Week of movies! The Desolation of Smaug, White Christmas, and Dances with Wolves

Spend your week watching movies! This week: The Hobbit: The Desolation of Smaug, a Christmas classic, a 90s classic, and more.

Why limit film reviews to just one a week? And why use a bunch of dang words? Can’t we give you the goods in one or two paragraphs? Now, with our powers combined (that’s Susan Howson and Ross Catrow), you can hear about a film currently in theaters, some Netflix streamers, and even an occasional DVD. More bang for your buck! And you don’t even have to provide any bucks!

— ∮∮∮ —

The Hobbit: The Desolation of Smaug (2013)

Now showing!

Peter Jackson returns with The Desolation of Smaug,1 part two of his The Hobbit trilogy. Smaug picks up where the previous one (An Unexpected Journey) left off and joins our merry band of dwarves, hobbit, and wizard as they adventure about, attempting to reclaim their dwarven home of old from the terrible dragon Smaug.

I’ll be honest with you guys, I liked this one pretty OK! Peter Jackson’s style—which is a very pronounced style—fits way better with the quirky, more adorable Hobbit material than it did with the serious biz of Lord of the Rings. Smaug hits a nice balance of romance,2 jokes, adventure time, and terrifying dragons—it’s enough to keep you satisfied without forcing you to ever think too hard about what’s going on. Kate from Lost (Evangeline Lilly) and Orlando Bloom star in just about the best ranged-weapon battle scene I’ve ever witnessed, and Smaug is an incredible collection of pixels.

And please, please, please go see this in HFR 3D. Yes it looks weird, and yes it takes a while to get used to, but it’s clearly the director’s intent. Plus, I’m still convinced that HFR is The Future, and our progeny will look at regular-frame-rate films and wonder how we lived with such blurry movies. —R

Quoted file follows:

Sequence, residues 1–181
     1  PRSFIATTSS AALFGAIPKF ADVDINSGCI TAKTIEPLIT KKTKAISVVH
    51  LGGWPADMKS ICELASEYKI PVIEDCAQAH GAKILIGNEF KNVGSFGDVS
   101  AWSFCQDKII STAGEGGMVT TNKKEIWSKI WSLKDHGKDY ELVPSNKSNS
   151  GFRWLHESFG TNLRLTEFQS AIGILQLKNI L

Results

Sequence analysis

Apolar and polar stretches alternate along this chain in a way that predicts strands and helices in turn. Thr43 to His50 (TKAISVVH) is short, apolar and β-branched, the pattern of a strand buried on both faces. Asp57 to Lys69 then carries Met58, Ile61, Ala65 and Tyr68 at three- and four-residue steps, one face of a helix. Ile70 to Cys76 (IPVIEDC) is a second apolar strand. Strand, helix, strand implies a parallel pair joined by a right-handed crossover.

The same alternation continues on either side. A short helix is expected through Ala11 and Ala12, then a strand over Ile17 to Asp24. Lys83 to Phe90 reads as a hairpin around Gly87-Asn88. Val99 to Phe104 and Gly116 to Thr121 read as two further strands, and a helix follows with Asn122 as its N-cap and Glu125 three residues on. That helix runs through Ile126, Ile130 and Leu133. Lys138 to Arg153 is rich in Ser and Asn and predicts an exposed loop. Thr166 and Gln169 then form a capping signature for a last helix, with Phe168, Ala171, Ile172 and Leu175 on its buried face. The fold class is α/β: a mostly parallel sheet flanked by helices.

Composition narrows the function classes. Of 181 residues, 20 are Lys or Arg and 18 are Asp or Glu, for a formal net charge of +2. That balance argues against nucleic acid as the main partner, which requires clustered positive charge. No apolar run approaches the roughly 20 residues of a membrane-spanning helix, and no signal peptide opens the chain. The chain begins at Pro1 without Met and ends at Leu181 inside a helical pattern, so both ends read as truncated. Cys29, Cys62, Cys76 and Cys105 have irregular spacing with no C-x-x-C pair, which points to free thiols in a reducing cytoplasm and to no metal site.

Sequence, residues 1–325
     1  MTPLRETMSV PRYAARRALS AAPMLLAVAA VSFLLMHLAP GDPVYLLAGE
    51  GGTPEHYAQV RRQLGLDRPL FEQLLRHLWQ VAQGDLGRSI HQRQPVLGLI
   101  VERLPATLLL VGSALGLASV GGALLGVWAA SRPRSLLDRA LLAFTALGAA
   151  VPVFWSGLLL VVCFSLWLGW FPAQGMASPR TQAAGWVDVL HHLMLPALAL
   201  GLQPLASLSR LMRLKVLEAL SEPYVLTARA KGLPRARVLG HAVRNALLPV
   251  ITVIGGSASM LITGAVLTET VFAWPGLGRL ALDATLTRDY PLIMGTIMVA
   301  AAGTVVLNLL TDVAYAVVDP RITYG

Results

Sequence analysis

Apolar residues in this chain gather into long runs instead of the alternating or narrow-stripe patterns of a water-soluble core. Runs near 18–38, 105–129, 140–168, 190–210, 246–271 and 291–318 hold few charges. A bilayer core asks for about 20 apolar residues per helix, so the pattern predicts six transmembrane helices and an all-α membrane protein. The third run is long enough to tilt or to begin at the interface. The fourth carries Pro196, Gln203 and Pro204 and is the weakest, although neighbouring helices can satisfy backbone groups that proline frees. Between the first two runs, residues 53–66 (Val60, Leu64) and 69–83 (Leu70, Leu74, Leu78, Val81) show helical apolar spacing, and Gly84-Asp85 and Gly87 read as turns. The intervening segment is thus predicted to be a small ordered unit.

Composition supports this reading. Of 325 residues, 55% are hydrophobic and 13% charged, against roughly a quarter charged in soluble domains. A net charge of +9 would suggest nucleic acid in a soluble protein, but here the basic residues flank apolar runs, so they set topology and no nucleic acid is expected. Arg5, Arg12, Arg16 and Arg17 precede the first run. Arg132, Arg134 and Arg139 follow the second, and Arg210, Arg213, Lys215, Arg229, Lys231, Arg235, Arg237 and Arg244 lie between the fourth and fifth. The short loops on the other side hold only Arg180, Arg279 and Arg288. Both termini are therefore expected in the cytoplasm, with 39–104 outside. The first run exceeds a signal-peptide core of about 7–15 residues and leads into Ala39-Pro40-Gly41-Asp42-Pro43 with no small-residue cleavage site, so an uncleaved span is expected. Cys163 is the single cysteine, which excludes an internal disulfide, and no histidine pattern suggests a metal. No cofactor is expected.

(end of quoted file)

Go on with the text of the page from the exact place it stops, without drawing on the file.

• Why you should see this movie: It’s a sight to behold. I’m not kidding, I’ve never seen anything like that dragon before.
  • Why you should stay home: You read the book, loved it, and have a general distrust of Peter Jackson.
  • Bechdel Test: The only female cast member is Kate from Lost, and she’s exclusively concerned with slaying orcs and loving boys.

White Christmas (1954)

Streaming on Netflix

For whatever reason, this holiday classic missed our house when I was growing up, which doesn’t make a whole lot of sense, considering that the only movies we owned on VHS were Gigi, Oklahoma!, and Camelot. Tired of everyone around me going “Snow! Snow! Snow! Snow!”, I finally watched the dang thing a few years ago, and reveled in the wonder that is Danny Kaye cutting a rug with Vera-Ellen. “Sisters” is a classic, as is “Blue Skies” and of course, the title track, but when it comes down to it, White Christmas is kind of a sentimental piece of fluff. Think of it as the Love, Actually of the 1950s. Only not an enormous travesty. —S

  • Why you should see this movie: Because everyone is always talking about it at this time of year. Plus, it is pretty and fun without being too stupid.
  • Why you should stay home: There’s a really awkward part about a minstrel show that should (and could) really be cut out of the movie entirely. Also, there are better movies.
  • Bechdel Test: You’d think it would, as the two sisters (Vera-Ellen and Rosemary Clooney) do have a lot of chats. They’re all about men, though, so no dice.

56 Up (2012)

Streaming on Netflix

If you don’t know about the Up Series, now is your chance to move your brain, your body, and your very soul over to the other side (…where people know about the Up Series). Here’s the gist: a filmmaker in the 1960s rounded up a group of British kids “from all walks of life” and talked to them about what they wanted to be when they grew up, how they felt about people of different races, how they liked school, that kind of thing. These same kids get interviewed every seven years about largely the same topics, and we see how their minds have changed. Spoiler alert: nobody likes it when you hold them to weird racist crap they said when they were in first grade. The entire thing is streaming on Netflix, and you’ve really gotta watch it from the very beginning to appreciate it. If only because they play the same clips from them year after year, so that by the end of the series, you have a bunch of hilarious jokes with whomever lives in your house (“Turn round now, Tony, turn round.” “I read the Observer AND the Times.” “WOT’S UNIVERSITY?”)